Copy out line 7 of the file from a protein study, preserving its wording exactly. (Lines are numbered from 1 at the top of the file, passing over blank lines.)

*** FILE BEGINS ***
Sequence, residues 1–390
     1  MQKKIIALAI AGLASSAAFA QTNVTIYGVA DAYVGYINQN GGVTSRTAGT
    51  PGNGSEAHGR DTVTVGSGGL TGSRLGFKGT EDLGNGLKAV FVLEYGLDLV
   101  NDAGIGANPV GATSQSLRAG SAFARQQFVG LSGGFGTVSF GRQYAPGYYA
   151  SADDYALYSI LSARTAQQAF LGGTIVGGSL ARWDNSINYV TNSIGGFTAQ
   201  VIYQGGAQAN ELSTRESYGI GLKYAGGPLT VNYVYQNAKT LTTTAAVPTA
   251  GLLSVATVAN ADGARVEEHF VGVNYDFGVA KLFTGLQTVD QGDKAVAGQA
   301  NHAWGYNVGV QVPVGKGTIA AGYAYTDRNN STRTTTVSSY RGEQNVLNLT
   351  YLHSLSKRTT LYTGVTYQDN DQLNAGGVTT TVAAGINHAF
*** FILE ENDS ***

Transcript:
   251  GLLSVATVAN ADGARVEEHF VGVNYDFGVA KLFTGLQTVD QGDKAVAGQA